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How did Carex kobomugi get to New Jersey?

0945582943Its not known exactly how the Asiatic Sand Sedge reached New Jersey's shores.  Small (1954) speculated that the sedge was used to pack oriental china and that it was released to our dunes when a shipwreck resulted in crates of such china washing up on the Jersey shore and breaking open, releasing the sedge. However, its not clear what the basis of this assertion was, beyond the fact that the first population reported in New Jersey was at a lifeboat station at Island Beach State Park. In recent years I've spoken extensively with colleagues in Japan and the consensus is that this species was not ever used as a packing material.  There are several reasons for this. The first is that the plant is not that abundant in dunes in Asia.  Unlike the situation in the U.S. when growing in its native habitat, Carex kobomugi  rarely grows in a dense monoculture.  Nor does it show the extremely dense growth patterns that characterize the plant when growing on dunes here in the US.  Moreover, there's nothing about the plant that would make it a particularly good packing material.  Its not particularly spongy, so it wouldn't be something you'd go out of your way to collect as a packing material.  Indeed its sharp edges would make it unpleasant to handle for those packing the shipments.  Thus it seems unlikely that it would have been used as a packing material.

So, if the original story of this species' arrival in New Jersey is probably incorrect, how DID it get here?  My best answer to that question is that it came in as a side effect of the use of solid ballast to stabilize ships when they sailed to a part empty  in order to pick up a cargo at that location.  Today's ships have ballast tanks designed to be filled with water when a ship sails empty, and this ballast water is a major source of aquatic invasions today.  But 100 years ago there were no ballast tanks.  Thus, when a ship sailed empty, sailors often would fill the cargo holds with anything heavy... rocks, sand or whatever was near to hand.  Presumably any plants, seeds or other biological materials that were in that sand would be loaded into the boat along with the sand, and sand sedge seeds seem a likely candidate for getting caught up in such a transport pathway. I suspect that either a ship carrying sand ballast wrecked off Island Beach State Park, releasing the sand, along with the sedge plants or seeds, or a crew trying to avoid the fees charged by the ports for disposing of such ballast, offloaded their ballast over the side of the ship as it entered the coastal water on the way to the Port of Newark or similar local docking point.   Either way, its not hard to imagine that seeds or even surviving shoots of the Asiatic sand sedge might have washed up on the Jersey shore and taken root here.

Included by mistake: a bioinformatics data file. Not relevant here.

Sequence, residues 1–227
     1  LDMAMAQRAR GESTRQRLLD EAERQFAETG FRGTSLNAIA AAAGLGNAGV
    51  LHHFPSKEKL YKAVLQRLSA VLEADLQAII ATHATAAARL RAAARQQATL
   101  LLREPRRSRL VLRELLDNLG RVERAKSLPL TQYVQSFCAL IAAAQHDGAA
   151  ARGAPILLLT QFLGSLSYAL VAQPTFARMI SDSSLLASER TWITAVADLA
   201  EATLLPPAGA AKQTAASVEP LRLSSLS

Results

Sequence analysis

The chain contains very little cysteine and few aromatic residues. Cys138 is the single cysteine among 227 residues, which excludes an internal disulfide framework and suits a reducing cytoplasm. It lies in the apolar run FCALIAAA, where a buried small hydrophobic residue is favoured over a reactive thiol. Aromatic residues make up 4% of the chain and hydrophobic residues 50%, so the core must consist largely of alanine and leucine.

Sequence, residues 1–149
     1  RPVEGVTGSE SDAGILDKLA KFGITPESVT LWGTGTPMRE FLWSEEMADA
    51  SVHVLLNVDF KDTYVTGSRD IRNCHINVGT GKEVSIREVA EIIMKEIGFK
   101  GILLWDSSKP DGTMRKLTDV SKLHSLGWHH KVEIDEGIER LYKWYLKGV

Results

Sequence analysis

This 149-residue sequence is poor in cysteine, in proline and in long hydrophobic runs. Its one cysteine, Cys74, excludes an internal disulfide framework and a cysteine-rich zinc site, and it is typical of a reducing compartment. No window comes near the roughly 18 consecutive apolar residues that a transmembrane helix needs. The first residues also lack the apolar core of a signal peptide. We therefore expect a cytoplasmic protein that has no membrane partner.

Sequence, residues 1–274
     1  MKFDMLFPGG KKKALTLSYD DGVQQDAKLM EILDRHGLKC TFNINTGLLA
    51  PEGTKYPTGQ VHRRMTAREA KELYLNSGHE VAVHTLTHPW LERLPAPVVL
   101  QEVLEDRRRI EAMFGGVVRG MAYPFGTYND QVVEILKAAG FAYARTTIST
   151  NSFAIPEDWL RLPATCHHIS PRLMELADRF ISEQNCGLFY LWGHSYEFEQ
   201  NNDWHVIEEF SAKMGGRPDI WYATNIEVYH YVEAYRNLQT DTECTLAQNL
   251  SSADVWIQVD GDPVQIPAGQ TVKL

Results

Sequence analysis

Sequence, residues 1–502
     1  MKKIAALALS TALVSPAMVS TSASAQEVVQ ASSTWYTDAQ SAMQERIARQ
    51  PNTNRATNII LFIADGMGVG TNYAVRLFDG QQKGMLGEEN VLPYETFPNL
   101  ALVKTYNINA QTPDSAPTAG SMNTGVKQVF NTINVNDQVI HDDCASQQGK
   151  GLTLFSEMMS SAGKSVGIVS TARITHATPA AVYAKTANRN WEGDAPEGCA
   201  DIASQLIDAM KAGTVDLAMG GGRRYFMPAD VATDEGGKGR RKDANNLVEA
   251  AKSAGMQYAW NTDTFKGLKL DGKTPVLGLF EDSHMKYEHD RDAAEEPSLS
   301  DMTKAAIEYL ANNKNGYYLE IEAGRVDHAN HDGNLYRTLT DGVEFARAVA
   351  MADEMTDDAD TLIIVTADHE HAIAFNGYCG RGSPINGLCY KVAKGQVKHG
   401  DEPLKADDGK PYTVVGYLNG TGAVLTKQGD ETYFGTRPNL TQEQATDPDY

Author: Louise Wootton. Ph.D.  Last updated June 17, 2009

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